Yesterday’s Clinical Problems in Consultation Psychiatry (CPCP) is about poststroke depression and it was delivered by top-flight medical students, Andrew Ackell and Perry Wu, both in their third year. As one of them pointed out this is a topic geared for a neuroscience approach to evaluation and treatment.
Incidentally, the theme for the Annual Academy of Psychosomatic Medicine (APM) Meeting 2016 is “Brain, Mind and Body: Why Every PM Psychiatrist Should Care About Neuroscience.” It will be held in Austin, Texas, the live music capital of the world. I may not get there this year, but it reminds me..I saw Lyle Lovett on Austin City Limits once, singing a song about…a cheeseburger, I think. And I see the APM Winter 2016 Newsletter had an interesting item pertinent to the controversy about the name “Psychosomatic Medicine.”
I think it’s fascinating that European psychiatrists practicing at the interface of medicine and psychiatry actually prefer the name “Consultation-Liaison” rather than “Psychosomatic Medicine” for our specialty. And I expect the poll results of the proposal to rename “Psychosomatic Medicine” in America have been submitted to the APM council. Stay tuned and vote in my little poll in which there still seems to be some interest.
Perry and Andrew tag-teamed the presentation and they raised an issue about treating poststroke depression (PSD) which leads to serious reflection about the right thing to do for patients after they’ve suffered a hemorrhagic stroke. As they pointed out, much of the PSD literature focuses on ischemic stroke. While the work of my former department chairman, Dr. Robert G. Robinson, MD, clearly shows the benefits of treating PSD with antidepressant and even supports the use of prophylactic antidepressant for improving survival, quality of life, and cognitive function, we have nagging doubts about their safety in patients who’ve had hemorrhagic stroke. The medical students did a lot of hard thinking about this and while they stuck to the evidence-based literature, they were also critical of it, which bodes well for patient safety in their future roles as physicians. Andrew’s take on the situation:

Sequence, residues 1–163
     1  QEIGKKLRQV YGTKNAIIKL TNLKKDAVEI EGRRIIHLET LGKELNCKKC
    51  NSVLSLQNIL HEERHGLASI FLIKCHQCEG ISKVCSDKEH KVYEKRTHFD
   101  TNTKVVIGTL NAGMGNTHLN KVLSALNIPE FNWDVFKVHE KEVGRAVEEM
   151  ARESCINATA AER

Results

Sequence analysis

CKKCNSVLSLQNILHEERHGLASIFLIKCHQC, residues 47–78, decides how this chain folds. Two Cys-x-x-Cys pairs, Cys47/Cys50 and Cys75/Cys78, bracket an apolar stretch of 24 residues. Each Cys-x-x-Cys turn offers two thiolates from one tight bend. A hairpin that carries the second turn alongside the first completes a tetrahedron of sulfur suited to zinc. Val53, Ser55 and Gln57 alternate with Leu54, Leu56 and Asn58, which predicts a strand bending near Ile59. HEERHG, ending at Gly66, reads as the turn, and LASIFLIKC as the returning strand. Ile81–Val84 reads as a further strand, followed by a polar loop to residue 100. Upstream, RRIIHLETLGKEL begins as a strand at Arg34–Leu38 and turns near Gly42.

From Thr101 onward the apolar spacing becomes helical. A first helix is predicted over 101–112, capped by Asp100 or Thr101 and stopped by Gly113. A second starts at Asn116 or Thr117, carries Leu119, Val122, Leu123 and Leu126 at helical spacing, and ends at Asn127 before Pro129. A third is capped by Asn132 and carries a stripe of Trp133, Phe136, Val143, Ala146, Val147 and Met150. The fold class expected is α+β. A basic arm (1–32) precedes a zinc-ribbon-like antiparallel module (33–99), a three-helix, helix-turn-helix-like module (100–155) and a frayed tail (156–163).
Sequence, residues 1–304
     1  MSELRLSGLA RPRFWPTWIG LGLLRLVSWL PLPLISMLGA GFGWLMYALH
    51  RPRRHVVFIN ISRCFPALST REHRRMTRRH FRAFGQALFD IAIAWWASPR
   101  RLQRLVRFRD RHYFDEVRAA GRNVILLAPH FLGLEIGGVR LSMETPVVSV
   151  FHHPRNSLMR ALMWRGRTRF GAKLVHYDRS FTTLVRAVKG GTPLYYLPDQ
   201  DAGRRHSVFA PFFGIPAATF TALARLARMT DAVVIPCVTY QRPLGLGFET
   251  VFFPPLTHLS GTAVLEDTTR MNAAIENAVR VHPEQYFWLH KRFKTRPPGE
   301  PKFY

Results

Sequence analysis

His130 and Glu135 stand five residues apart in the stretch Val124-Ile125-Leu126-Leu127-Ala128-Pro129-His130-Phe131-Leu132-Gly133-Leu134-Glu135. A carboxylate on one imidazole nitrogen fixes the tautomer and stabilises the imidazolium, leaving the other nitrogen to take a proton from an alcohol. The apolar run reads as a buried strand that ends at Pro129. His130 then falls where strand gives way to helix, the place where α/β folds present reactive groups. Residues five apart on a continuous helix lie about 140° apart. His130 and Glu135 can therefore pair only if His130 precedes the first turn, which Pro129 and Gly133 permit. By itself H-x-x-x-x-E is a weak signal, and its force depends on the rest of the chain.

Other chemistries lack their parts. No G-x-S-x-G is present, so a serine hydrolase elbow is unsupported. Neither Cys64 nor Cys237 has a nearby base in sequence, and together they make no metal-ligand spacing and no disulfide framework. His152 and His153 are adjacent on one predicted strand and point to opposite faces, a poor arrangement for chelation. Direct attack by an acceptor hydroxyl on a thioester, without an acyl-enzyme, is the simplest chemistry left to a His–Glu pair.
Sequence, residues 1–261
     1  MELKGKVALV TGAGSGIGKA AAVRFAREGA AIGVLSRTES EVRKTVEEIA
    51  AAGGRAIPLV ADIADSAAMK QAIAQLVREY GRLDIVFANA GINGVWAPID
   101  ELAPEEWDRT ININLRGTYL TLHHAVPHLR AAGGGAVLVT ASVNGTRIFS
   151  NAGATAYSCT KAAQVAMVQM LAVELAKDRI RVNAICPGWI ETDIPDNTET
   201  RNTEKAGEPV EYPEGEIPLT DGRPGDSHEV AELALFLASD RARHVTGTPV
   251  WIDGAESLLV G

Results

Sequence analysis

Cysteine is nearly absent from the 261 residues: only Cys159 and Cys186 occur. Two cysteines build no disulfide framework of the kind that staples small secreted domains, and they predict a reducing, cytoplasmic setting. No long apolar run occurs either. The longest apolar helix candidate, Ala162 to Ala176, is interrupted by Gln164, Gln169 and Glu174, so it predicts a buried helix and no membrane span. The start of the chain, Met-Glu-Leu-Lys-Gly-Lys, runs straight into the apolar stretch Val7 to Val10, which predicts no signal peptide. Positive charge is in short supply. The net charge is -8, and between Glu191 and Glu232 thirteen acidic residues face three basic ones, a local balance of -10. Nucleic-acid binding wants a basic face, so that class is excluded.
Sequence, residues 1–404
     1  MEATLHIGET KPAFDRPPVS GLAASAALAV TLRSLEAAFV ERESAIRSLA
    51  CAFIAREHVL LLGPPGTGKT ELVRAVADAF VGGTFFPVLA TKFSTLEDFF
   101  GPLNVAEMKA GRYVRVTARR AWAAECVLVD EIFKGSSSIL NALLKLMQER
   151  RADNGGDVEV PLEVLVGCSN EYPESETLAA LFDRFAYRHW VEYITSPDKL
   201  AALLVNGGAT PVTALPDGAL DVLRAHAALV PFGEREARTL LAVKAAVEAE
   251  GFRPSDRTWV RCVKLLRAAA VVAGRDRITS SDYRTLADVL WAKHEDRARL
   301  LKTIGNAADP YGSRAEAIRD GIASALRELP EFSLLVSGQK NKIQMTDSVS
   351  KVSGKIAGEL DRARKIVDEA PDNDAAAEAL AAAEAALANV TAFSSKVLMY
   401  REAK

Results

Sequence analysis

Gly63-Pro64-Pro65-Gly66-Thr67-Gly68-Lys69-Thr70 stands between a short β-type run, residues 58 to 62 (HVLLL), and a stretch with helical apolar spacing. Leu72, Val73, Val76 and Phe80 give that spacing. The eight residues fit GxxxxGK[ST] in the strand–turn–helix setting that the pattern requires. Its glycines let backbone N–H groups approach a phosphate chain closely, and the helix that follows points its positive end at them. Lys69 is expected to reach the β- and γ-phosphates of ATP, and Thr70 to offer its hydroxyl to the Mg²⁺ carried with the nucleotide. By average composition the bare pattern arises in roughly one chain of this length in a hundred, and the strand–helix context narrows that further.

“When to start treatment and do you treat a hemorrhagic stroke with an SSRI?…what does the literature say?
A brief review (above link to Brain and Behavior article link) shows that in the major studies showing benefit post-stroke, SSRI’s were initiated either immediately, 5-10 days post-stroke, or even up to 3 months post stroke. The 2012 Cochrane Review which is still the “gold standard” perhaps of evidence based practice here: in their studies people were started on an SSRI from day 0 to up to 3 months post stroke! The Brain Behavior review is more cautious than other papers but it has great references. Follow the references if you’re interested in the topic further.
Another interesting reference is here.
2012 Cochrane Review: Conclusions
“SSRIs appeared to improve dependence, disability, neurological impairment, anxiety and depression after stroke, but there was heterogeneity between trials and methodological limitations in a substantial proportion of the trials. Large, well-designed trials are now needed to determine whether SSRIs should be given routinely to patients with stroke.” (emphasis mine)
2012 Cochrane Review: Implications for Research
There should be subgroup analyses for patients with ischaemic and haemorrhagic stroke, to explore whether SSRIs might increase the risk of recurrent intracranial bleeding in patients with intracerebral haemorrhage, and whether there is a higher risk of haemorrhagic transformation of infarct when SSRIs are given to patients with ischaemic stroke who are also taking anticoagulants. (emphasis mine)
For hemorrhagic strokes, my takeaway is that it’s just not known if there’s a danger in using SSRI’s in hemorrhagic strokes, the data is not there yet. There is a reason to be hesitant (known risk for brain hemorrhage in SSRI use) but also reason for optimism (the Cochrane Review which found better stroke outcomes included both ischemic and hemorrhagic strokes in their inclusion criteria).”
I’m so glad for the upcoming next generation of doctors. Here they are.
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